In defense of acupuncture

In defense of acupuncture

Recently the Spanish government has unveiled a proposal to ban alternative medicine in health centres. In its proposal the government mentioned acupuncture as being one the alternative therapies along a list of other 138. The articles (English and Spanish) that appeared in the press follow:

https://www.theguardian.com/world/2018/nov/14/spain-plans-ban-alternative-medicine-health-centres

https://elpais.com/sociedad/2018/11/14/actualidad/1542191224_940984.html

What is acupuncture? 

Acupuncture is a complementary medicine technique and one of the pillars of Chinese medicine. It’s a medical system which has been used by millions of people during thousands of years and is regularly used today in many countries in Asia and across the western world. Acupuncture and Chinese medicine can help with an array of acute and chronic conditions, ranging from pain management to infertility and respiratory problems. It’s a painless technique that involves the insertion of sterile, stainless steel, hair-thin needles in specific locations around the body.

Acupuncture originated in China over 2000 years ago. Iit was introduced to other Asian countries and arrived in Japan and Korea thought buddhist monks in the sixth century and in Vietnam in the eight century. Still to this day acupuncture is used and enjoys a lot of popularity in these countries and it is regulated and recognised on a national level.

Where can acupuncture be studied and where is it practised? 

Acupuncture is recognised by the World Health Organization (WHO) which “supports traditional and alternative medicines when these have demonstrated benefits for the patient and minimal risks”. Empirical and scientific evidence exists to support the benefits of acupuncture. The effectiveness of acupuncture has been demonstrated both through numerous clinical trials and laboratory experiments in humans as well as in animals. As a result other countries in the EU like the UK, Germany and Switzerland  include acupuncture as a form of treatment in public and private hospitals. Outside of Europe the practise and training of acupuncture have a much longer history and industrialised countries such as Australia, the United States, New Zealand, China, Japan, and Korea have regulated it nationally alongside main-stream medicine and other forms of alternative medicine.

What does scientific evidence mean? 

There are many different ways to define “scientific evidence” however at present in the health industry the gold standard is considered to be meta-analysis and systematic reviews. These are comprised of double-bind controlled randomised trials in which subjects are randomly divided into an experimental and a control group. In this way the placebo effect is assumably eliminated and the results are more just and rigorous. These kind of trials have been developed and used specifically for the pharmaceutical industry to test drugs and are very difficult to apply to different therapies. Acupuncture is a kind of manipulative or body-based therapy (like many others) in which it is hard to create a control group, remove contact with the therapist/doctor and totally eliminate the placebo effect. It would be necessary to set up a different standard for these kind of therapies.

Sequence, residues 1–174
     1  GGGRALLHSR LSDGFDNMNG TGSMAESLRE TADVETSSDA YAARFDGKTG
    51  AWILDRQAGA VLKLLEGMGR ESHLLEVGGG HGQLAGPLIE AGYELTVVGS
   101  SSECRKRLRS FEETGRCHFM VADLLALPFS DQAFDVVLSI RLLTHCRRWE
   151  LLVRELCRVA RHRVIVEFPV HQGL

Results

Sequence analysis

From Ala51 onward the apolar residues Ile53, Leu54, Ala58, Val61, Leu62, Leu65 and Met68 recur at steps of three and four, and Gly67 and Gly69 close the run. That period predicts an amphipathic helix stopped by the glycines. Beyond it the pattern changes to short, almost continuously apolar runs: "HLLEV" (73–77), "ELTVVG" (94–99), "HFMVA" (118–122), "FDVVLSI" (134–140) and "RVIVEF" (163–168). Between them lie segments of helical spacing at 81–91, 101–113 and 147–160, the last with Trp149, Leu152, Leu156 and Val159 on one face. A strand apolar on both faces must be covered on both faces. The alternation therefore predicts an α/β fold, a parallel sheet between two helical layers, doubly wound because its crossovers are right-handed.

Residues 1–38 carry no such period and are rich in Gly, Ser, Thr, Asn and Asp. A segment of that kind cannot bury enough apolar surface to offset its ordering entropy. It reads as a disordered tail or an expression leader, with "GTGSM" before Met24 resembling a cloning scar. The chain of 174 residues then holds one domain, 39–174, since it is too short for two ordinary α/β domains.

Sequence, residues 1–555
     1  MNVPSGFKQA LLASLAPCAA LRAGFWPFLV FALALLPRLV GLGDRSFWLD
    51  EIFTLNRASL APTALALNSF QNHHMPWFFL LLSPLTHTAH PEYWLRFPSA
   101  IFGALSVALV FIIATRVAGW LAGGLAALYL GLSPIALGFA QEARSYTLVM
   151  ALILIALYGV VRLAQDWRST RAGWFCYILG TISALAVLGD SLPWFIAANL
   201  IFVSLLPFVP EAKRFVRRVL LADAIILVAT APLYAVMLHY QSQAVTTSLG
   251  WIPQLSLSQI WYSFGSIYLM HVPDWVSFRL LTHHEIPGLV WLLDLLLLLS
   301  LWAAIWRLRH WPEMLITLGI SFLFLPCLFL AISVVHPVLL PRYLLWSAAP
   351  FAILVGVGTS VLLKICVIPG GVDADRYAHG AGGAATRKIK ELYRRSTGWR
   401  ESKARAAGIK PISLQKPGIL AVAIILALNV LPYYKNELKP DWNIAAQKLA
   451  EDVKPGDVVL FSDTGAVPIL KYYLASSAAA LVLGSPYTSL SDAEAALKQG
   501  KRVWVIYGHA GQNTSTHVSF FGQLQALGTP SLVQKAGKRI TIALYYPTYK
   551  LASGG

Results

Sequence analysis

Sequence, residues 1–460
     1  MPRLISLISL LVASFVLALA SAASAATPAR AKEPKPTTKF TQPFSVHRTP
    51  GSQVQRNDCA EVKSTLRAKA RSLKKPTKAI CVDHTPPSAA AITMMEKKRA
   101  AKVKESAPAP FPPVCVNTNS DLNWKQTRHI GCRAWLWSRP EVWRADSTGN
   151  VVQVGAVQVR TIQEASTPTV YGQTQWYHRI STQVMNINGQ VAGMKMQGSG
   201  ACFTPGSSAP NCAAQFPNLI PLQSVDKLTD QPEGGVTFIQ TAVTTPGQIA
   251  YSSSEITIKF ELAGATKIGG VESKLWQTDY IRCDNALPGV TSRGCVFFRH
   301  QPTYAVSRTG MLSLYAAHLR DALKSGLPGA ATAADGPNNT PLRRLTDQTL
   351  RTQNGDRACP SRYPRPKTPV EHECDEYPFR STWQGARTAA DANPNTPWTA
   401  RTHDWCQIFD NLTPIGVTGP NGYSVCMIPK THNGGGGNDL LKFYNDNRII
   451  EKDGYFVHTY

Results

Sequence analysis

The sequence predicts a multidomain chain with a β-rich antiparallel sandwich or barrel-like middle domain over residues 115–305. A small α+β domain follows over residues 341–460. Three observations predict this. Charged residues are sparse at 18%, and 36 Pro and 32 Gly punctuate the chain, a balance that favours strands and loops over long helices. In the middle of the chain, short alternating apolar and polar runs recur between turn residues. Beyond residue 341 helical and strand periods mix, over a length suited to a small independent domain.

How much scientific evidence has acupuncture? 

Acupuncture has a long history dating back more than 2000 years and has resisted the passage of time through trial and error. Since it became more popular in the west during the seventies, acupuncture research has increased quantitatively throughout the years. If we look up acupuncture trials in the most popular databases PubMed and Cochrane we find 29112 and 131 results respectively.

What are the conclusions? 

It is pitiful that to this day in an industrialised country like Spain acupuncture and other forms of alternative therapies are still not regulated. Wanting to ban a therapy like acupuncture that has such a long history and continues to benefit people with a wide range of problems doesn’t make any sense. Wouldn’t it be more beneficial for the public to finally regulate the profession like many other countries have already done?

It is pitiful that to this day in an industrialised country like Spain acupuncture and other forms of alternative therapies are still not regulated. Wanting to ban a therapy like acupuncture that has such a long history and continues to benefit people with a wide range of problems doesn’t make any sense. Wouldn’t it be more beneficial for the public to finally regulate the profession like many other countries have already done?

References

  1. https://academic.oup.com/rheumatology/article/43/5/662/1788282
  2. http://www.who.int/mediacentre/news/releases/2004/pr44/es/
  3. http://apps.who.int/medicinedocs/en/d/Jh2943e/
  4. http://journal.intramed.net/index.php/Intramed_Journal/article/viewFile/168/24
  5. https://www.ncbi.nlm.nih.gov/pubmed/?term=acupuncture
  6. https://www.cochrane.org/search/site/acupuncture